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smilingbig

smilingbig

Infection Control, Employee Health & TB
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smilingbig has 6 years experience and specializes in Infection Control, Employee Health & TB.

smilingbig's Latest Activity

  1. smilingbig

    CIC exam

    When are you taking your CBIC exam?
  2. smilingbig

    Eight or 12 hour shifts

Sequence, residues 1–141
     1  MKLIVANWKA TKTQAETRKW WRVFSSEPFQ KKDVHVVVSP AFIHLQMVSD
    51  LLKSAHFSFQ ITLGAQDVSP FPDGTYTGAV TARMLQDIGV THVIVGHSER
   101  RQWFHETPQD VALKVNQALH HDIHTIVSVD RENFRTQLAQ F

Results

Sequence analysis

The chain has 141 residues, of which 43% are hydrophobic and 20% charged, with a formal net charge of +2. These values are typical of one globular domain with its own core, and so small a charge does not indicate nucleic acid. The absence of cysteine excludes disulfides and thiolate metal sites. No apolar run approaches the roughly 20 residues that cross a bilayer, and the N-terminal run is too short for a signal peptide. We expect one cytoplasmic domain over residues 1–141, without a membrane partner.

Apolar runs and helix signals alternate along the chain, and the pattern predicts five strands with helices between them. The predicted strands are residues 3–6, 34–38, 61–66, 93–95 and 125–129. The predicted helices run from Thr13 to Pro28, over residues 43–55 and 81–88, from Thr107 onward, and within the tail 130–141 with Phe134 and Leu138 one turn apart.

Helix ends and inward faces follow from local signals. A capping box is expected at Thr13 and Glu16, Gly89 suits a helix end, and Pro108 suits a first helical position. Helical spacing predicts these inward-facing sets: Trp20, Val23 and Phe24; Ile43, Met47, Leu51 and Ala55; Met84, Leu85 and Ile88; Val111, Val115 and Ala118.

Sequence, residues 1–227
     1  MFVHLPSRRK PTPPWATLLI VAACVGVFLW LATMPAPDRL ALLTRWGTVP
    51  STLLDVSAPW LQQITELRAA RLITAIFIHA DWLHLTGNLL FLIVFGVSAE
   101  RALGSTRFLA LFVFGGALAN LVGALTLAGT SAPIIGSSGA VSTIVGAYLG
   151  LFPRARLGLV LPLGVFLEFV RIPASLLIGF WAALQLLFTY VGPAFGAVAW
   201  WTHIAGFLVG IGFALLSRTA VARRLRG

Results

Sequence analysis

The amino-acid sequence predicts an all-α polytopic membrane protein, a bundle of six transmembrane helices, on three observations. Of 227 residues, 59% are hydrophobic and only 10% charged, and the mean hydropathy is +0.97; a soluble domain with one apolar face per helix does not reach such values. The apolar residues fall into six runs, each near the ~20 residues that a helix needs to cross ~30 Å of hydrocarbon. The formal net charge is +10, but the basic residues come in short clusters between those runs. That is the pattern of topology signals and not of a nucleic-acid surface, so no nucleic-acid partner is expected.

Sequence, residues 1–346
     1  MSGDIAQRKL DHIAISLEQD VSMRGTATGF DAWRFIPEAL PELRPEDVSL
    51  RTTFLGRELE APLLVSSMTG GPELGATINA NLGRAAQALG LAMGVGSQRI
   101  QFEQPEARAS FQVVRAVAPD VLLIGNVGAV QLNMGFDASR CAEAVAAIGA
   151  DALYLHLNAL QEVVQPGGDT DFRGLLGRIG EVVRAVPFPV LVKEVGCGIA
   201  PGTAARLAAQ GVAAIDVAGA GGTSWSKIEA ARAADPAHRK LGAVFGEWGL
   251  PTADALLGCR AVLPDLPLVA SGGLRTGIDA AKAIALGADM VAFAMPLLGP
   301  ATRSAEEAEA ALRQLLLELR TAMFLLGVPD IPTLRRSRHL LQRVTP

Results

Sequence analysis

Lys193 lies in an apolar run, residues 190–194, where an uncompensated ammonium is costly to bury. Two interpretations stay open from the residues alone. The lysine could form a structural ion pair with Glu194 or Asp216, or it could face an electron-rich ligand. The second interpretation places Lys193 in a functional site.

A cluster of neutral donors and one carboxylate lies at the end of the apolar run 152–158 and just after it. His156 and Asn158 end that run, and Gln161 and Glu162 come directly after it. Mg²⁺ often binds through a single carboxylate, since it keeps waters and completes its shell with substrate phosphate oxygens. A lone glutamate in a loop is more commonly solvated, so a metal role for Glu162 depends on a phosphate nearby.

My acute nursing experience that I had prior to leaving the ‘bed-side' included cardiovascular/telemetry/step-down. But that was only about 1 1/2 -2 years. I then started working for the health district running their tuberculosis program. Having knowledge about TB really helped me land my first official Infection Preventionist job because I was responsible for the Medical ICU/ CVICU and several medicine units. So don't discount the knowledge that you bring to the table. Having an understanding of how any health departments works (the beast that it can be;)), how to investigate outbreaks/exposures in the community, having a thorough understanding of the community demographics will really be beneficial for you (it was for me). Your understanding of employee health/immunization standards will actually come in handier than you may think… everything that you do seems to qualify you to sit for the CBIC exam. Have you looked into that? Eligibility Requirements | CBIC: Certification Board of Infection Control and Epidemiology, Inc. If you are able to become certified, you will definitely be more marketable, regardless of your experience in the hospital environment. You have the educational foundation to apply infection control/prevention standards anywhere you would work. While I didn't have all the hospital IC/IP experience when I started there, the others that I worked with were eager to learn from me and I from them. The health department was really a great start for me.